Early Sunday morning I got up to go to the Eastern bus terminal at Ekkamai not so far from where I'm staying in Bangkok, to catch a bus to Rayong.
I was heading to a small village in Klaeng to visit Peter, one of my class mates from the time I studied Thai in Bangkok.
It is always so damn cold inside these buses in Thailand.
Even though it's like 30 degrees celcius outside, they insist on turning the air conditioning inside the bus to its maximum, so it's bleedin' freezing!
They even provide blankets.
Often I don't understand Thai people's logic at all. I was glad I'd brought my cardigan and scarf - even though you'd think you wouldn't be needing that in a country like Thailand.
Today's lesson: You need warm clothes in Thailand - to wear when you're inside. The same goes for shopping malls. And skytrain and metro. Brr.
I remember at "winter time" when I lived in Thailand it would get as "cold" as 27 degrees celcius in Bangkok, and Thai people would be wearing jackets and hats, and they'd be getting a cold and stuff.
But in the same time, they would keep the airconditioning inside on the same setting as if it was 35 degrees - so naturally it would be pretty cold inside. So it wasn't actually cold outside, it was just that the air conditioning made it freezing inside, and so they would "complain" to each other how cold this winter season was. I would roll my eyes. And bring a sweater and scarf to school.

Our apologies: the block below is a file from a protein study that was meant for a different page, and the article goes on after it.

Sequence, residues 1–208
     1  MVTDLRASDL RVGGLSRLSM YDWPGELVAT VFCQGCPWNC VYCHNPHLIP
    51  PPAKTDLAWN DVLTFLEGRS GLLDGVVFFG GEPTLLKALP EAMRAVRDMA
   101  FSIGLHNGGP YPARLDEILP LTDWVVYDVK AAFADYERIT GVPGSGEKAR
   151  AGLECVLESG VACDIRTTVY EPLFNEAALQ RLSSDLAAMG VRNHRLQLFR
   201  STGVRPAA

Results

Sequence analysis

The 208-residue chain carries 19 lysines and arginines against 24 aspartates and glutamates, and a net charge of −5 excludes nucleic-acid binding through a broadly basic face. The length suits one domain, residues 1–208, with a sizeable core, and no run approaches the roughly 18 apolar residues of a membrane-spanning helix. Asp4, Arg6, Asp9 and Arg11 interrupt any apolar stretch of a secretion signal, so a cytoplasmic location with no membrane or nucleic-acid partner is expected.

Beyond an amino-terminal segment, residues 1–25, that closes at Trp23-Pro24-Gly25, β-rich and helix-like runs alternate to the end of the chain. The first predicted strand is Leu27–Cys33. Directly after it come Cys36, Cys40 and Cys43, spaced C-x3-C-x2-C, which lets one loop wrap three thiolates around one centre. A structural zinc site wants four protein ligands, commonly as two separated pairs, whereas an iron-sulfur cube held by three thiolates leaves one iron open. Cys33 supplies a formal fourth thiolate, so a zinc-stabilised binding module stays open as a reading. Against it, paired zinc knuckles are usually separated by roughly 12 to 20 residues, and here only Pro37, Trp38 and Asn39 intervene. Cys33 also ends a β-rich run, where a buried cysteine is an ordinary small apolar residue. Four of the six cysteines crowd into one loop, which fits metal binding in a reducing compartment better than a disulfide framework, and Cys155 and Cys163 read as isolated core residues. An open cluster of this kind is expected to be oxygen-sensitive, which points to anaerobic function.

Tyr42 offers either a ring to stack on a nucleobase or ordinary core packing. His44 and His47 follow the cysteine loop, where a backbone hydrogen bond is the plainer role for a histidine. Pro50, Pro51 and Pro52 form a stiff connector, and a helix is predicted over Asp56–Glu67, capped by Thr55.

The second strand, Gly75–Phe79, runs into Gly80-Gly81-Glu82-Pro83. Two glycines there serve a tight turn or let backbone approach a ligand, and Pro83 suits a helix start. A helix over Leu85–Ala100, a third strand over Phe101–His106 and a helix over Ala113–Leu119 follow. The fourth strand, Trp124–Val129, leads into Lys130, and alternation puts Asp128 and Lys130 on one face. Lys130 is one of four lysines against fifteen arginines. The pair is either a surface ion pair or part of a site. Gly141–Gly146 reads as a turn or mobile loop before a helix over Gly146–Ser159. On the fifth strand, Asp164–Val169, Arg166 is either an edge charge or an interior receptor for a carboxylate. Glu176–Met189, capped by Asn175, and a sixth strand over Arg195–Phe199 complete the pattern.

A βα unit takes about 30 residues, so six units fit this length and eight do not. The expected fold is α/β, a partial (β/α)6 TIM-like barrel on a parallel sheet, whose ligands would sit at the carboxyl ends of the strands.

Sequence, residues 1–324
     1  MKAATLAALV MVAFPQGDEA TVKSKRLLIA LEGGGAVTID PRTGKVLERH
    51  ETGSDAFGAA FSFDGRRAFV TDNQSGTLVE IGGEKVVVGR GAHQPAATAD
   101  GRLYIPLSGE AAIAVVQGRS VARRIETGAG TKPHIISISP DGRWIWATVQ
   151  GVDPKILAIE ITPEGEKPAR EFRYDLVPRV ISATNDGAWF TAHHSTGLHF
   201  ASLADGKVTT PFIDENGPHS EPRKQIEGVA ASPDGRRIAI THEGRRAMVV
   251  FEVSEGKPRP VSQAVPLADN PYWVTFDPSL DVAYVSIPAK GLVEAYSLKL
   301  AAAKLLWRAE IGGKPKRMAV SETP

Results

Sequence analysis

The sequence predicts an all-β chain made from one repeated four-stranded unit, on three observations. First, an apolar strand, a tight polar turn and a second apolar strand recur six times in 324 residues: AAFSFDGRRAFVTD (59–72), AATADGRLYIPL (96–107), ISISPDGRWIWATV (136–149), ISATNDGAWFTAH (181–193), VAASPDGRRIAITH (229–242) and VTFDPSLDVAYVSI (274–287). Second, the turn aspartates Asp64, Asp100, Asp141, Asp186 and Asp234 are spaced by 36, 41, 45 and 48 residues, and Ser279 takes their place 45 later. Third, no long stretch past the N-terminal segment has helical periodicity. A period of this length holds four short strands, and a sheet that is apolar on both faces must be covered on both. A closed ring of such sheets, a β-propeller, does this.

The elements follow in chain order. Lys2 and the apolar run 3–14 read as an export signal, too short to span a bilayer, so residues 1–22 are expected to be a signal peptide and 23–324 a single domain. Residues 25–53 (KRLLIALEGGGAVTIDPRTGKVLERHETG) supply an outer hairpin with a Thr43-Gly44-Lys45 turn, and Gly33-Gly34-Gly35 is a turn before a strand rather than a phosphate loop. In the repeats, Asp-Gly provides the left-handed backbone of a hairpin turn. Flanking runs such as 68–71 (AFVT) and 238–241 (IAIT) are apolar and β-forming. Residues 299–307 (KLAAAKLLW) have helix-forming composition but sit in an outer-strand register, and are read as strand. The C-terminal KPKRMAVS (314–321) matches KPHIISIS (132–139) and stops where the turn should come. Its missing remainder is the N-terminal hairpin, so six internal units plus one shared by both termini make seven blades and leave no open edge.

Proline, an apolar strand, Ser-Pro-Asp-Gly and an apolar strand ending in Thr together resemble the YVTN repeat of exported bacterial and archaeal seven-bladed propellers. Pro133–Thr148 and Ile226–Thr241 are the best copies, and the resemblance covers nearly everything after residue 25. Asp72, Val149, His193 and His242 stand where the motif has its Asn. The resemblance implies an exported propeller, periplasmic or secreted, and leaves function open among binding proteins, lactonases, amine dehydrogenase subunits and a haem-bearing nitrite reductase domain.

Same snack, different country
The buses are actually pretty comfortable, and three hours fled while I struggled to keep awake and nearly missed my stop at Klaeng. Luckily I got off in time to meet Peter.
Peter is an American who's been living in Thailand the past 6 years or so. He has also lived in both Switzerland and France for many years, so in addition to Thai he also speaks German and French.
In Klaeng in Rayong he has built a house together with Anek, who's an interior architect. They also live in Bangkok where they work.
Anek's family live close-by, and we went to see their fruit orchard where his father was busy working.
Ripe arecas are taken down from the tree and left to dry, before its seed is taken out.
The betel nut, called maak in Thai, when chewed together with some other stuff has a mild stimulant effect.
In rural Thailand it is mostly chewed by some older women on social occations or as a part of everyday life. I don't know that much about the stuff, other than that it makes your mouth fill with blood-red icky stuff that you spit out. Not very attractive.